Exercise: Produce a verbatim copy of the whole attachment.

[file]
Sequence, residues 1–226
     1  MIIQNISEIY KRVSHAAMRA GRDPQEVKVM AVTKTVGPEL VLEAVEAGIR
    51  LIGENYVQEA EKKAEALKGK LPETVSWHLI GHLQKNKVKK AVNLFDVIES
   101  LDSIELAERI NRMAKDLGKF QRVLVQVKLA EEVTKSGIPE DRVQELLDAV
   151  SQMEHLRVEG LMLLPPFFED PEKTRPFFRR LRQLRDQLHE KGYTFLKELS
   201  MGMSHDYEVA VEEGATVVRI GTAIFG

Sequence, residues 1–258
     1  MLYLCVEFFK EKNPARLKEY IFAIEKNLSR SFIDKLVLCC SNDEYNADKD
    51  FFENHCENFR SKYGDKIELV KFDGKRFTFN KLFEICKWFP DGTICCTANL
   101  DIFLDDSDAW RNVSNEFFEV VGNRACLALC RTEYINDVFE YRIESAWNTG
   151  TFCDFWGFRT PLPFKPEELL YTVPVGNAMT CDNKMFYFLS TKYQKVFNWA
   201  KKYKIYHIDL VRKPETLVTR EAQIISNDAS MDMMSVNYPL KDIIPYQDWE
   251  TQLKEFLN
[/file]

Sequence, residues 1–226
     1  MIIQNISEIY KRVSHAAMRA GRDPQEVKVM AVTKTVGPEL VLEAVEAGIR
    51  LIGENYVQEA EKKAEALKGK LPETVSWHLI GHLQKNKVKK AVNLFDVIES
   101  LDSIELAERI NRMAKDLGKF QRVLVQVKLA EEVTKSGIPE DRVQELLDAV
   151  SQMEHLRVEG LMLLPPFFED PEKTRPFFRR LRQLRDQLHE KGYTFLKELS
   201  MGMSHDYEVA VEEGATVVRI GTAIFG

Sequence, residues 1–258
     1  MLYLCVEFFK EKNPARLKEY IFAIEKNLSR SFIDKLVLCC SNDEYNADKD
    51  FFENHCENFR SKYGDKIELV KFDGKRFTFN KLFEICKWFP DGTICCTANL
   101  DIFLDDSDAW RNVSNEFFEV VGNRACLALC RTEYINDVFE YRIESAWNTG
   151  TFCDFWGFRT PLPFKPEELL YTVPVGNAMT CDNKMFYFLS TKYQKVFNWA
   201  KKYKIYHIDL VRKPETLVTR EAQIISNDAS MDMMSVNYPL KDIIPYQDWE
   251  TQLKEFLN